English Literature: William J. Long

It happens often that when I consciously think about how I came about reading a book, it seems like a lucky coincidence. A sale on Flipkart where I needed to buy a certain number of books to qualify and only certain books are part of the list and I end up buying Murakami's 1Q84 and it became the first (and till now - March 2020) Murakami I read. A book up for review on a virtual book tour. A book recommended by kindle. A friend mentioning it in the passing. A quote read somewhere. Reading about a book in another book. And very often these days, discovering an author on twitter.

Long's English Literature has a rather different story. While pursuing my Masters in English Literature a few years ago through distance education (IGNOU), I needed some help studying. And I met Mansi Arora (a wonderful person, but in no way related to me, though we share the same surname). She mentioned Long's book in the very first session and asked me to buy it. I ordered it right there and then. I read parts of the book, but not much, while studying for M.A.

Today, years later, with Masters completed, having started reading this book multiple times, with India under 21-day lockdown, I picked it up once again. 

Now at page 29, reading about the Anglo-Saxon Period, I am enjoying it, I am in awe of the writing, and I think if I start copying quotable sentences (something I do often) from this book, I would end up copying most of it.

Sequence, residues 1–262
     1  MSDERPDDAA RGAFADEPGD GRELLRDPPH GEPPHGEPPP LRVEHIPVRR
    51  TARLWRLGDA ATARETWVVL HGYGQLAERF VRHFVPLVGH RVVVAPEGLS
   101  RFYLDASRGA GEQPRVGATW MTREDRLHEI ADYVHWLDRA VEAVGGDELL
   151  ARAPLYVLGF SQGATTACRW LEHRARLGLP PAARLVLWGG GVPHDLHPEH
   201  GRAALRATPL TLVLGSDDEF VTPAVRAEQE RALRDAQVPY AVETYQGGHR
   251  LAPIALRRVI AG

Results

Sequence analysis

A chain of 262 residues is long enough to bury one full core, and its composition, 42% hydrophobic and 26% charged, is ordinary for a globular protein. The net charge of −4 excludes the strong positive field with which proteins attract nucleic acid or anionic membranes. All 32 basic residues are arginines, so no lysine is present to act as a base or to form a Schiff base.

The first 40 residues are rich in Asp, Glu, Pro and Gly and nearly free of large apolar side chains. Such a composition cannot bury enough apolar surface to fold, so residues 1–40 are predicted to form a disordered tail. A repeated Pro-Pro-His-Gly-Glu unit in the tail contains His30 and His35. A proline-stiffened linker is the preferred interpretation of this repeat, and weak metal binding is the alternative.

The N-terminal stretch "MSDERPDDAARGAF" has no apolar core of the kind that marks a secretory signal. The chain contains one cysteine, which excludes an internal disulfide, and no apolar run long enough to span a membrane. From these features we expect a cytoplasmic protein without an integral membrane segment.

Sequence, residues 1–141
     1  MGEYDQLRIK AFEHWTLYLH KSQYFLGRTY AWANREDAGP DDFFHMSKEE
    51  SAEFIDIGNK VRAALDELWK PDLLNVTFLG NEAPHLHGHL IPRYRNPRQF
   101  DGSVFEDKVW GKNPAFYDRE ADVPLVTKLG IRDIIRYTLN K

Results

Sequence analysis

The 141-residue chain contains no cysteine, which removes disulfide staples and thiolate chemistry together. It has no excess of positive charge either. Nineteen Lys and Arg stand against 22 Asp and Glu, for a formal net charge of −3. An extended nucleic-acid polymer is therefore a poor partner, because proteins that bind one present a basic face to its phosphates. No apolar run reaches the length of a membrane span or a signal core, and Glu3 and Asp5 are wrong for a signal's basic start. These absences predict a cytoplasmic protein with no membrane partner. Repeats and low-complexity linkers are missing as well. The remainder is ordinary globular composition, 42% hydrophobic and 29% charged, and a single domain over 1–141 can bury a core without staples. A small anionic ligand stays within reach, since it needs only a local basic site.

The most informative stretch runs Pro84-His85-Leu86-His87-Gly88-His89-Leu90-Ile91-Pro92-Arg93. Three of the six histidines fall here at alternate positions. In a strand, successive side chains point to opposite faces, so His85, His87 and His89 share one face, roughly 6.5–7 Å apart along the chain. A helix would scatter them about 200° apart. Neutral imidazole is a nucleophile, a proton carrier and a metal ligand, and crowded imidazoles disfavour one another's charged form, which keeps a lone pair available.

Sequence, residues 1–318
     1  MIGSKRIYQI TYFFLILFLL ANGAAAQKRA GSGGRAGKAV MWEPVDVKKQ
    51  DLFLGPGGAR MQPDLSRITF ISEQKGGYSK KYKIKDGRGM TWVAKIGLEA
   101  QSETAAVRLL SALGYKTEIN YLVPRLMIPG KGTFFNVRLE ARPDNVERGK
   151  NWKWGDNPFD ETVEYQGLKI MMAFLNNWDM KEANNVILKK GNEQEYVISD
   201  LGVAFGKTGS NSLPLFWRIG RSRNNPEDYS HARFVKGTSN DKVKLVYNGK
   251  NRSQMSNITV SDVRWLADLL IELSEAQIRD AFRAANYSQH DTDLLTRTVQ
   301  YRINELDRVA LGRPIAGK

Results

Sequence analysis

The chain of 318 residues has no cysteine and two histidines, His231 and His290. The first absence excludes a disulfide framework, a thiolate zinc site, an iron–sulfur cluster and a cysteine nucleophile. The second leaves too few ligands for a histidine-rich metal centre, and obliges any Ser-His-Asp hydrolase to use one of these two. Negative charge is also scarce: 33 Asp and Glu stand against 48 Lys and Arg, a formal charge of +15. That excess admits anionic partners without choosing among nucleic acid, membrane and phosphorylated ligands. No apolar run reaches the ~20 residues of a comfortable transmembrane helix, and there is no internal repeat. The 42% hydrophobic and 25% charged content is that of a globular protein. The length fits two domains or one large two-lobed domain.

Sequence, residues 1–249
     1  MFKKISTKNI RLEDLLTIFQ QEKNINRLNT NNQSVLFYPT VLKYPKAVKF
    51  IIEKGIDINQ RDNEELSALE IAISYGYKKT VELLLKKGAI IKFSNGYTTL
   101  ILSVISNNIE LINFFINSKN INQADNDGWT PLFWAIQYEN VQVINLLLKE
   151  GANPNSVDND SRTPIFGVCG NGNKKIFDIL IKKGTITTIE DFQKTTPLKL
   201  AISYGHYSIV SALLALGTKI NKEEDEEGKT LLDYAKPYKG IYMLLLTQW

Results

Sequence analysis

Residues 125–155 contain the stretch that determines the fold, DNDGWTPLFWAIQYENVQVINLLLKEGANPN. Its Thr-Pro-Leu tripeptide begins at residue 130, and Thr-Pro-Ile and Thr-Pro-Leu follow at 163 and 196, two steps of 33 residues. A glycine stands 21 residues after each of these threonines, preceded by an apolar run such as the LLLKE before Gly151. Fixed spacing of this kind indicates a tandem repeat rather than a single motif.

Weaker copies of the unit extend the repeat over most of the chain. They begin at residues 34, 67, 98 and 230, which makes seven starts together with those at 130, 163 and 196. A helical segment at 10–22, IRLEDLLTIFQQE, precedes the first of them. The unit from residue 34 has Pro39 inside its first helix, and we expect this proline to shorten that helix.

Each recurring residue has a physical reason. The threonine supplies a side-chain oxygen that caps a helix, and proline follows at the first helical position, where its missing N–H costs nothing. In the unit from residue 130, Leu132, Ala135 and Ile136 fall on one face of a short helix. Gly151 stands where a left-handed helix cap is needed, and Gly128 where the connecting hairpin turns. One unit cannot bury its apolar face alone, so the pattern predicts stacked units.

Why I chose to study literature, why I read books, why I write about books - these are questions I have been asked often. The first one is the most difficult to answer to most people.
The introduction of this book answers it precisely and in a detailed manner and with such beauty that I loved reading about why one reads literature. It encourages the enjoyment of literature over its study and analysis.

"To enter and enjoy this new world, to love good books for their own sake, is the chief thing; to analyze and explain them is a less joyous but still an important matter. Behind every book is a man; behind the man is the race; and behind the race are the natural and social environments whose influence is unconsciously reflected."